The victim wouldn't say anything of substance to the folks at the Washington Free Beacon who originally tried to make The Hillary Tapes happen, but she did speak to someone else. In an exclusive interview with The Daily Beast published today, the victim pulled a 180, telling reporter Josh Rogin that now that she knows Clinton knew Taylor was guilty while defending him, she's incensed that Clinton "lied like a dog" to her and attempted to disparage the sexual reputation of a tween. It sounds like her life was actually pretty shattered as a result of that case.
She described being afraid of men for years and dealing with anger issues well into her adulthood. At one point, she turned to drugs, a path that ultimately led her to prison. Now 52, she has never married or had children. She said she has been sober for several years and has achieved a level of stability, although she remains unemployed and living on disability assistance.
Rogin says the Clinton camp hasn't responded to this new round of scrutiny about the case.
On one hand, Clinton was stuck in a pretty awful spot — 27, trying to prove herself as an attorney, and not exactly in any sort of position to refuse a case assignment from a judge in a state far away from her home. And legal experts quoted in all accounts of the case agree that Clinton didn't go too far in advocating for her client. She was being a lawyer, they say.
On the other hand, how massively fucked is it that our legal system expects and encourages attorneys to treat rape victims like this? And that even Hillary Clinton didn't have the balls to set her career goals aside for a moment and stand up to what she must have known was bullshit, even in the midst of a time in her career she claims was devoted to serving children and families?
When I first heard news of this story, my reaction was that it's not going to matter to 2016, that the tapes weren't a big deal since they'd been heard before, and that it's slightly suspect that the party of "legitimate rape" was suddenly and insurmountably and obsessively interested in the well being of a poor former drug addict (not exactly the demographic right wingers have a rep for being sympathetic toward) who was raped in 1975. Which, I suppose, speaks to how cynical I am about the news, about how it's all driving a narrative, how everyone has an agenda, and how, as a liberal commie Obamabot tree hugging abortion machine, my job is to bristle at the narrative if it's coming from a person who I normally disagree with.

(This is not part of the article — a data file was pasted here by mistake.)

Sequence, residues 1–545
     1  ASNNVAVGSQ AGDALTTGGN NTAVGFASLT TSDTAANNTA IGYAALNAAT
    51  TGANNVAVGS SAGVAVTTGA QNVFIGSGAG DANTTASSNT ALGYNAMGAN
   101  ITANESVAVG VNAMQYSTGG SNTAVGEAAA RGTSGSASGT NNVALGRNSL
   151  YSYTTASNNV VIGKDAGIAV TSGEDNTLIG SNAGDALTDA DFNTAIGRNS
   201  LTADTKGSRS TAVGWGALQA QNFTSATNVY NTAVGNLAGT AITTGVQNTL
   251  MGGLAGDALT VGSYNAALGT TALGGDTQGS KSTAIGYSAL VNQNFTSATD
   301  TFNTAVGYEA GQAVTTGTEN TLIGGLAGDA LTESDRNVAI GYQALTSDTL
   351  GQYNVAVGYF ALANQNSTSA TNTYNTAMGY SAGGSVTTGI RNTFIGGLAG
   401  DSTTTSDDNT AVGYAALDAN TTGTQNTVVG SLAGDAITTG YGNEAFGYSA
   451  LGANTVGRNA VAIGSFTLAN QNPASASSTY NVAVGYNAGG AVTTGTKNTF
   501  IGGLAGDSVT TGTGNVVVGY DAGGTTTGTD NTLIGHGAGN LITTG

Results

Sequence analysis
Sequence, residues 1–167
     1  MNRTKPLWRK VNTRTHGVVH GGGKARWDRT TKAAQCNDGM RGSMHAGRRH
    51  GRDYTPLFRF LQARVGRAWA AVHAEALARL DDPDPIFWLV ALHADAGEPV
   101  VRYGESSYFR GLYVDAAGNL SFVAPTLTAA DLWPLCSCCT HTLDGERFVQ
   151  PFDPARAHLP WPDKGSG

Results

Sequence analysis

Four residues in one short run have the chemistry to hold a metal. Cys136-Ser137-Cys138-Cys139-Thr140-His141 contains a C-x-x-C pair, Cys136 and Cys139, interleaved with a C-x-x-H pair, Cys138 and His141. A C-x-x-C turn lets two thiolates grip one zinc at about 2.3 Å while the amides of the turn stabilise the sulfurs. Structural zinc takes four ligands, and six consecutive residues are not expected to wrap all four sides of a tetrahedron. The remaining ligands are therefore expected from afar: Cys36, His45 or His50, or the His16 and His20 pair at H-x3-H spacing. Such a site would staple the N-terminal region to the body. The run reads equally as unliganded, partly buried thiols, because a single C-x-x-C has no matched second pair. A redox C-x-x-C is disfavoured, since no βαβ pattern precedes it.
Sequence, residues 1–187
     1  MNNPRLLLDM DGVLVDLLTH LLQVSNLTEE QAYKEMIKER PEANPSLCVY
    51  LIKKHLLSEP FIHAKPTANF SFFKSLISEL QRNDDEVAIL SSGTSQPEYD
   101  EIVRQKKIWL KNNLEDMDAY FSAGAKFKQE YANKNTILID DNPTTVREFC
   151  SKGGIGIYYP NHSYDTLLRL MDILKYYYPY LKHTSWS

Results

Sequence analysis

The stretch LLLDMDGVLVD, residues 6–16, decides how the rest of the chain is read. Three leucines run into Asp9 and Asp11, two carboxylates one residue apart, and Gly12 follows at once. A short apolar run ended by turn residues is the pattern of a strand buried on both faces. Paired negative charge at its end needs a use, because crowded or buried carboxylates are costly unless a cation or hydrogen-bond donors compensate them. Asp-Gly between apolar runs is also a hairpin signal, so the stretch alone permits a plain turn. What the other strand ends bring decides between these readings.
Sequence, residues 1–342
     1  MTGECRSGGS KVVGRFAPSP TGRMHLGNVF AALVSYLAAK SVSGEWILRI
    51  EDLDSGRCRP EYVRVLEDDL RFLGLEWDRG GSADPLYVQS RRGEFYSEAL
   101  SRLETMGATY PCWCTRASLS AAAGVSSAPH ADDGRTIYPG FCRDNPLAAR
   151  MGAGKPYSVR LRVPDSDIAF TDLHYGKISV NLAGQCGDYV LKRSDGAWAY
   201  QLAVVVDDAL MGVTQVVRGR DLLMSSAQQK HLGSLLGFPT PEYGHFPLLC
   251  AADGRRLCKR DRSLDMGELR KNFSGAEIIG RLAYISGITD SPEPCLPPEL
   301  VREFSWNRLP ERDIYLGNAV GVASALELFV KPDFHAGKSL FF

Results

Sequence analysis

But absorbing and responding to a story doesn't necessitate buying the narrative that's being packaged with the story. Hillary Clinton didn't "laugh at a rape victim" as the coverage errantly insists, but she definitely was the sort of lawyer who would attack the credibility of a rape victim in pursuit of legal victory. And she came up through a system that, at least until recently, would as a matter of course accuse women and girls who were raped of being precocious and sexy and kind of wanting it anyway and also maybe crazy without anyone batting an eye. Hillary Clinton ruining one woman's life with a character attack during a rape case is nothing compared to the way some men on the right, if they had their druthers, would gleefully ruin many American women's lives with policy, but it doesn't mean this story doesn't matter, or that it shouldn't be discussed.
If we're going to have a positive takeaway from this story, it's that things are different now, media is faster, hungrier, and more resources are available to women like Taylor's victim. I'd imagine if details of Thomas Alfred Taylor's case reached the right media folk today, Clinton would have been backpedaling faster than that judge in Montana who called a rape victim "older than her chronological age."